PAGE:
Spontaneous Consumption

October 2012

It’s almost impossible for an old dog not to flirt with accident and injury, or sometimes even death. I refer to these moments as “dodging bullets”. For the last fifteen years, Buddy has dodged many. The last one however, may have brushed him a little too close. 

It’s a given that most dogs love to eat. And some dogs will eat just about anything. I wonder if they convince themselves it’s a tasty treat before devouring what’s in front of them without a second guess. For some, it’s about quickly swallowing what they have before being noticed. Maybe this describes your dog. Maybe your neighbors. Regardless, I’d wager that most vets could make a living solely on what dogs consume. If you’re lucky, your dogs’ stomach refuses the ingestion and sends the contents back where they came from. If not so lucky, it’s another trip to the vet.

X-rays show obstructions like sticks and bones, toy cars, even batteries. Repulsive as it may be, tampons and Christmas tree tinsel often get wrapped around canine intestines requiring emergency surgery. Unimaginable items have passed through Buddy’s digestive tract. He’s been lucky. The best time to discover exactly what treats Buddy has consumed over the winter months is during the spring thaw. Backyard snowmelt at my house reveals remnants of plastic bottle caps, tin foil, highlighters and shoelaces; as well as Buddy’s single most favorite item: women’s intimates … or at least what’s left of them.

But undergarments aside, his more memorable indulgences have included chocolate (numerous times), blue gel from inside ice packs and one time even rat poison. This past summer I stuck my hand down Buddy’s throat to retrieve part of a dead fish and a left over corn cob. Just last spring, Buddy may have swallowed a live bullet from my .357 Magnum. No joke. I’m still searching my back yard for the shell.

Last month’s “consumption scare”, however, was a first for Buddy, and almost his last.

It began with Buddy growing tired of the same old boring dry food all these years. He lost most of his interest in eating altogether. So out of mere desperation, I tried everything from home-made recipes I found online to higher end brands of dry food. Buddy’s stomach wasn’t overly fond of anything however, except the new raw diet that I discovered. He couldn’t eat it fast enough. But within two days Buddy was showing clear signs for the first time ever, of maybe checking out.

Recently while I was on the air hosting my morning show, a concerned neighbor of mine checked in on him. She called with the bad news: Buddy was hemorrhaging all over my house. He was weak and showing signs of pain. In minutes she and Buddy were en rout to my veterinarian; Stonecliff Animal Hospital in Bradford. I arrived in record time, finding Buddy plugged in to an IV, still with my neighbor and now joined by my girlfriend. I lay on the floor where he continued to hemorrhage, our heads pressed firmly together. We all waited nervously for blood work and results on the numerous tests being conducted. Somehow Buddy tested negative for every one of them, including Parvovirus, Salmonella, Leptospirosis, Giardia and other toxins. Dr. Susan Dyer (who heads up an extraordinary team at Stonecliff) diagnosed Buddy with HGE (Hemorrhagic Gastroenteritis. In laymen’s terms, “road rash” of the intestine walls. Left untreated, it could be fatal but Dr. Dyer was confident that they caught it in time and had the upper hand with an aggressive administration of fluids, pain management and antibiotics. Shockingly, she pointed the finger at Buddy’s newly discovered raw diet as the possible culprit. It’s ironic that with all the items Buddy has consumed over the course of his life, it was dog food that almost took him out. In less than twenty-four hours however Buddy was showing signs of turning around.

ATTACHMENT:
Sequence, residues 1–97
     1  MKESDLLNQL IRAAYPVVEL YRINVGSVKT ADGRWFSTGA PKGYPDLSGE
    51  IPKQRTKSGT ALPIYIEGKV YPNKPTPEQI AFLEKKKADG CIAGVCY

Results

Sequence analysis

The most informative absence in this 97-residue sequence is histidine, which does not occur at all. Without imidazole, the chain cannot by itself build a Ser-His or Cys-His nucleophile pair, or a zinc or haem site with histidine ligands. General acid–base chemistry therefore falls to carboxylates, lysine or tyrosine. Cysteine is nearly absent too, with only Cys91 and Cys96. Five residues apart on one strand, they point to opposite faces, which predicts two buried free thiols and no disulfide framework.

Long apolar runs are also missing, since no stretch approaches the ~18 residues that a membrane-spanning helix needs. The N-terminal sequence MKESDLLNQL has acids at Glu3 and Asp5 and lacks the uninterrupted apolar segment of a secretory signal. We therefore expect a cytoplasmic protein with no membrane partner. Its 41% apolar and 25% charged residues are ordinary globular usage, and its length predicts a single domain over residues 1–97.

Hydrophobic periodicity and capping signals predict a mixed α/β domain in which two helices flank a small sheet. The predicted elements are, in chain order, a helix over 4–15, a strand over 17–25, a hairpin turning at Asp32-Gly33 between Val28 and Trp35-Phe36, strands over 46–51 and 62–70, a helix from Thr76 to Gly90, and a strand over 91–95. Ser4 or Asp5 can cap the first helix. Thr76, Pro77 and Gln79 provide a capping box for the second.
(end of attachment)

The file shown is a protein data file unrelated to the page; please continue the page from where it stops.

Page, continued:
It’s remarkable how sudden your faith is tested and soul consumed with hope and fear when it becomes reality that your time might be up with your best friend. My gratitude for concerned listeners, close friends and loved ones at my side during this event is unspeakable. I’m reminded that time is possibly the single greatest gift we ever receive despite not knowing exactly how much of it we have. But it’s all we have, so make the most of it.

With many prayers, Buddy dodged another bullet.  And I am richly blessed with more time. 

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